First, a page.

Blackboard Connect Tiptxt is an anonymous reporting tool which allows students to report bullying, mental health issues and suspicious activity in a, “safe and confidential way” 24 hours a day, 7 days a week. South Washington County School District 833 is now utilizing the anonymous reporting tool in schools throughout the district in response to the passage of the Safe and Supportive Minnesota Schools Act and they are not alone.
Blackboard Connect is integrated with Pearson Books, the same company that will make billions of dollars from the nationalized curriculum known as Common Core or World’s Best Work Force. When big business colludes with big government and big education, what could possibly go wrong? What looks good at first glance is far more onerous when one connects the dots between what is occurring at the local, state and federal level.
Video on how to text a tip via a designated tip-line
Last year, the state of Minnesota passed the “Safe and Supportive Schools Act”; a bill meant to end bullying and create a school utopia across the state. HF826 was drafted by Representative Jim Davnie in the House along with companion bill SF783 authored by Scott Dibble in the Senate in response to a “bullying crisis” justified by anonymous student surveys supplied by special interest groups. Local legislative cheerleaders for HF826 included Senators Susan Kent and Katie Sieben. The coming of the information age has provided us with anonymous reporting aps and the junk research and corresponding statistical findings; all with underlying motives. This overreaction to a survey driven crisis will prove detrimental to students, schools and districts statewide.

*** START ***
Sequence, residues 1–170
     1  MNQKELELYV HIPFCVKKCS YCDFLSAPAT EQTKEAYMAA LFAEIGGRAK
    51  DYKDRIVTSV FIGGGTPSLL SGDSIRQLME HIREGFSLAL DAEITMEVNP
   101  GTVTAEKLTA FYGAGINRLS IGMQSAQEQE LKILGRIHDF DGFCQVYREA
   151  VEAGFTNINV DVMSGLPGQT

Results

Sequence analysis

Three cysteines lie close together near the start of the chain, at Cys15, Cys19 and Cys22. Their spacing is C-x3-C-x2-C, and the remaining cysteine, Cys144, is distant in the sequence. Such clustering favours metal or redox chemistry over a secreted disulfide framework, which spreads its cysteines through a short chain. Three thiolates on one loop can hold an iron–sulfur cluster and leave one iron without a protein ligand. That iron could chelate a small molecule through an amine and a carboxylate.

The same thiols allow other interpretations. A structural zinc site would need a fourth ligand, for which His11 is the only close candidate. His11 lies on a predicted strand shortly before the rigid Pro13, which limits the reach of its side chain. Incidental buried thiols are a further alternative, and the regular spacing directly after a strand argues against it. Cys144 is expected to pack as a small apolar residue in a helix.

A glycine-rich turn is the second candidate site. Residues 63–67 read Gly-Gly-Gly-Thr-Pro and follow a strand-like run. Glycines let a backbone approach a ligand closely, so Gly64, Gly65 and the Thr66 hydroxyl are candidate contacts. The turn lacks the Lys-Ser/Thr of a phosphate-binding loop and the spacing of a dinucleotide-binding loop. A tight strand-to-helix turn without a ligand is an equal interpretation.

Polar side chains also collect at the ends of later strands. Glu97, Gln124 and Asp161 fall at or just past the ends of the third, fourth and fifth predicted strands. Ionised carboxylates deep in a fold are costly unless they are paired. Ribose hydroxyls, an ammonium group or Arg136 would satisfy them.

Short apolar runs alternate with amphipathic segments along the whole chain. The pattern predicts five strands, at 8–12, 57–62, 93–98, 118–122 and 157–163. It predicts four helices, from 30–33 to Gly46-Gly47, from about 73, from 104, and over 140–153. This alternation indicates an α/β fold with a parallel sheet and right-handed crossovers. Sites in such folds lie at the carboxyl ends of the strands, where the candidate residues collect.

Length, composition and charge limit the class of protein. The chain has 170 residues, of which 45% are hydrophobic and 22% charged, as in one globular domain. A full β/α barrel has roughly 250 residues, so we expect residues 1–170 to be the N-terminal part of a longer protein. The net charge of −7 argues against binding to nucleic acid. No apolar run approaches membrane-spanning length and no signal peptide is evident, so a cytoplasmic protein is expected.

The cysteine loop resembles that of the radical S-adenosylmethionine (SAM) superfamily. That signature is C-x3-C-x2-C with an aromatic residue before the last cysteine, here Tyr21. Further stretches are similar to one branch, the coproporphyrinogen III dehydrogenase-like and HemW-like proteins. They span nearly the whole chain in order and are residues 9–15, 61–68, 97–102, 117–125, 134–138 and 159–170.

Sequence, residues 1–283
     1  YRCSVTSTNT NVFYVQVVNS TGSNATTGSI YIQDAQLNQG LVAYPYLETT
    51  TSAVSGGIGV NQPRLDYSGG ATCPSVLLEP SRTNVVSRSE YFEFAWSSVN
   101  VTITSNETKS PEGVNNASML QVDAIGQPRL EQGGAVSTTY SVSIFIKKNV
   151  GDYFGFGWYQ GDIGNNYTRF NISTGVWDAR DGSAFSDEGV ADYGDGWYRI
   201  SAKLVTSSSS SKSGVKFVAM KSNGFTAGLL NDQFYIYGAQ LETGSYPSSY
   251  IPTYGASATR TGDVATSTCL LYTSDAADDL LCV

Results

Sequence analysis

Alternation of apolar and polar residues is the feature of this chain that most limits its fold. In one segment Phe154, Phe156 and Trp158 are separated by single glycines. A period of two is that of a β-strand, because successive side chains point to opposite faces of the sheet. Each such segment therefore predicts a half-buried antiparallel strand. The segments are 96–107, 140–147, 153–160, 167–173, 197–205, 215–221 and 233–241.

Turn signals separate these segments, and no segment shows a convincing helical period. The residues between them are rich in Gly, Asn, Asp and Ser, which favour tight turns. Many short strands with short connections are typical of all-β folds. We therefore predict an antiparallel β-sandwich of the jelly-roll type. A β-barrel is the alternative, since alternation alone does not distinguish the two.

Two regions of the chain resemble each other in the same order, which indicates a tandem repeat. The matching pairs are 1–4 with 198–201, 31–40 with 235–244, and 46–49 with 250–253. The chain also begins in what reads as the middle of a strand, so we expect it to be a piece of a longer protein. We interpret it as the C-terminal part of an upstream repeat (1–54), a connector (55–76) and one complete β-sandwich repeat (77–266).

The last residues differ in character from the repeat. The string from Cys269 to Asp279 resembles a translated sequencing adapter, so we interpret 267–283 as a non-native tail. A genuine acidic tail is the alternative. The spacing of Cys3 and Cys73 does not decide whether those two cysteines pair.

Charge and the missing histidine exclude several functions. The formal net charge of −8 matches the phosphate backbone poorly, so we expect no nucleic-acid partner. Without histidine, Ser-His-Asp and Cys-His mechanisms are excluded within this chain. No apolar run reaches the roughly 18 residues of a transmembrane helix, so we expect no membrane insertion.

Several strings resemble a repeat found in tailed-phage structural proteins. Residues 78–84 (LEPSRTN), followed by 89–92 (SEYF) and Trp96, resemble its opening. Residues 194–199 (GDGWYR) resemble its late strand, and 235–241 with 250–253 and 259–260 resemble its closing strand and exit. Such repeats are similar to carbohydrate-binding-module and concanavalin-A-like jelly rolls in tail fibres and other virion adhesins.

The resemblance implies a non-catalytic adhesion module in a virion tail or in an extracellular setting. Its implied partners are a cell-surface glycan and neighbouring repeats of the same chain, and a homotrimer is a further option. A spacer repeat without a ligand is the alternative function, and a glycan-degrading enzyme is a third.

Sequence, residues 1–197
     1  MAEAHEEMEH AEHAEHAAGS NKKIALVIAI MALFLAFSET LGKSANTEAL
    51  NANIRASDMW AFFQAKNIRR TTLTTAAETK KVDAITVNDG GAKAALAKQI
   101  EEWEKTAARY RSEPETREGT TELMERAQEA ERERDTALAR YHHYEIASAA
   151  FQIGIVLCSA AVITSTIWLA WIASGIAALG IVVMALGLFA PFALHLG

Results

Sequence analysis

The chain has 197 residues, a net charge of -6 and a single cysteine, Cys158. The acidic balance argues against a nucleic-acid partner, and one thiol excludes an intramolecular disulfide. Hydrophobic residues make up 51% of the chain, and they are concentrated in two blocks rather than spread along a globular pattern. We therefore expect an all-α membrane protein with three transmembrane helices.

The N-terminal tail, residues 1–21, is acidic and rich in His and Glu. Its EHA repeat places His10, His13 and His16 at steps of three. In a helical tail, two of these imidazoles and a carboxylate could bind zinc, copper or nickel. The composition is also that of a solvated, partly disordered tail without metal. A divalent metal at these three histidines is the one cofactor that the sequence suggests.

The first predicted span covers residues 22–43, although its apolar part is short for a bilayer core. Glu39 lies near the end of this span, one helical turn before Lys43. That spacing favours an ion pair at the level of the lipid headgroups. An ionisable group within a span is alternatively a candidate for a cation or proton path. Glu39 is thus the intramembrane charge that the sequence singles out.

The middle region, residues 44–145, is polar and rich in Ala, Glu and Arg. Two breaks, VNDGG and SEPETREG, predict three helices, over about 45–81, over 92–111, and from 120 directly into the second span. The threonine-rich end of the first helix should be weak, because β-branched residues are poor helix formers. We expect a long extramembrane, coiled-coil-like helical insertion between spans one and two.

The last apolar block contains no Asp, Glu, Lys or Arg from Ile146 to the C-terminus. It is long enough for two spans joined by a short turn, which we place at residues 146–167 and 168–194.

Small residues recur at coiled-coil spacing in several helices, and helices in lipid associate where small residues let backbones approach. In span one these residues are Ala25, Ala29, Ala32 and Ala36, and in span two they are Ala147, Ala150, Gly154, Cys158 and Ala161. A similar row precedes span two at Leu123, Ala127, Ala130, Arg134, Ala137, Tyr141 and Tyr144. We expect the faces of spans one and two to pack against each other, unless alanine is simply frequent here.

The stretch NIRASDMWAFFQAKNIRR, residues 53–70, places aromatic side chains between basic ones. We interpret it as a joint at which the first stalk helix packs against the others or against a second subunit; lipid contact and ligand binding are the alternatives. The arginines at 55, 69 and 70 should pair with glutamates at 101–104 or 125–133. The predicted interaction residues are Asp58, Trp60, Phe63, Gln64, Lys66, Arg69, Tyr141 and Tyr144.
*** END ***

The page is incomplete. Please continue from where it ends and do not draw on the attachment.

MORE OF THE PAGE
In the news release, “Settingthe Record Straight on Minnesota’s Safe and Supportive Schools Act”, Senator John Hofman states, “A child should never have to feel intimidated or harassed while they are trying to learn.” It has never been okay to harass, intimidate or torment another student; but does this brilliantly titled legislation hide its true motive?
The daunting regulations and reporting requirements of this law adversely affects school districts across the state. A new bureaucracy, the “Safety Technical Assistance Center” has been created within the MN Department of Education to monitor bullying reports. The center serves as a data collection warehouse and will monitor district compliance. Unfortunately, this newly created government monstrosity will feed student data into state and federal data bases. Risks to children include a potential lifetime record as a bully, guilt based on perception, anonymous reporting by any accuser and pervasive surveillance approaches. The nebulous definitions of bullying will cause undue shaming and remediation; all without requiring parental consent.